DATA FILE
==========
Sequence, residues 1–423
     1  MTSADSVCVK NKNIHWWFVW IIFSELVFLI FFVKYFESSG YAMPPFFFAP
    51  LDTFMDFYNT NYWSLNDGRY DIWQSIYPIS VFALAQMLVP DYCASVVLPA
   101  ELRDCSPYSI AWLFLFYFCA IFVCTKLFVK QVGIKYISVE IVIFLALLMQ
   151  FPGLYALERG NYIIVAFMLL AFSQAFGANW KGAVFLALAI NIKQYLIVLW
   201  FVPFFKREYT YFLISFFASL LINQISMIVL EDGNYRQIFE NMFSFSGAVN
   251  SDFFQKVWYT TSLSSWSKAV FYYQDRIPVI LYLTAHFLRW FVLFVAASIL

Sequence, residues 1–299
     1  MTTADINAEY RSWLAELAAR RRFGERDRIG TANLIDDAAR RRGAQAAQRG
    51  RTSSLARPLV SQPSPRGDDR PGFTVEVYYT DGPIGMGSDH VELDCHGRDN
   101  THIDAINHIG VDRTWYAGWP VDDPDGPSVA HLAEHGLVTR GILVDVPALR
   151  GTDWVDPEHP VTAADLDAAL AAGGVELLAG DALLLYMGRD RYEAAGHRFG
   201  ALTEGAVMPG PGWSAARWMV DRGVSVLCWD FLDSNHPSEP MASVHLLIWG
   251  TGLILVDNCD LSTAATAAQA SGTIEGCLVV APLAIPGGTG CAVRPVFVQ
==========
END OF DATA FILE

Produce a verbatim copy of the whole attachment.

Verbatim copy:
Sequence, residues 1–423
     1  MTSADSVCVK NKNIHWWFVW IIFSELVFLI FFVKYFESSG YAMPPFFFAP
    51  LDTFMDFYNT NYWSLNDGRY DIWQSIYPIS VFALAQMLVP DYCASVVLPA
   101  ELRDCSPYSI AWLFLFYFCA IFVCTKLFVK QVGIKYISVE IVIFLALLMQ
   151  FPGLYALERG NYIIVAFMLL AFSQAFGANW KGAVFLALAI NIKQYLIVLW
   201  FVPFFKREYT YFLISFFASL LINQISMIVL EDGNYRQIFE NMFSFSGAVN
   251  SDFFQKVWYT TSLSSWSKAV FYYQDRIPVI LYLTAHFLRW FVLFVAASIL

Sequence, residues 1–299
     1  MTTADINAEY RSWLAELAAR RRFGERDRIG TANLIDDAAR RRGAQAAQRG
    51  RTSSLARPLV SQPSPRGDDR PGFTVEVYYT DGPIGMGSDH VELDCHGRDN
   101  THIDAINHIG VDRTWYAGWP VDDPDGPSVA HLAEHGLVTR GILVDVPALR
   151  GTDWVDPEHP VTAADLDAAL AAGGVELLAG DALLLYMGRD RYEAAGHRFG
   201  ALTEGAVMPG PGWSAARWMV DRGVSVLCWD FLDSNHPSEP MASVHLLIWG
   251  TGLILVDNCD LSTAATAAQA SGTIEGCLVV APLAIPGGTG CAVRPVFVQ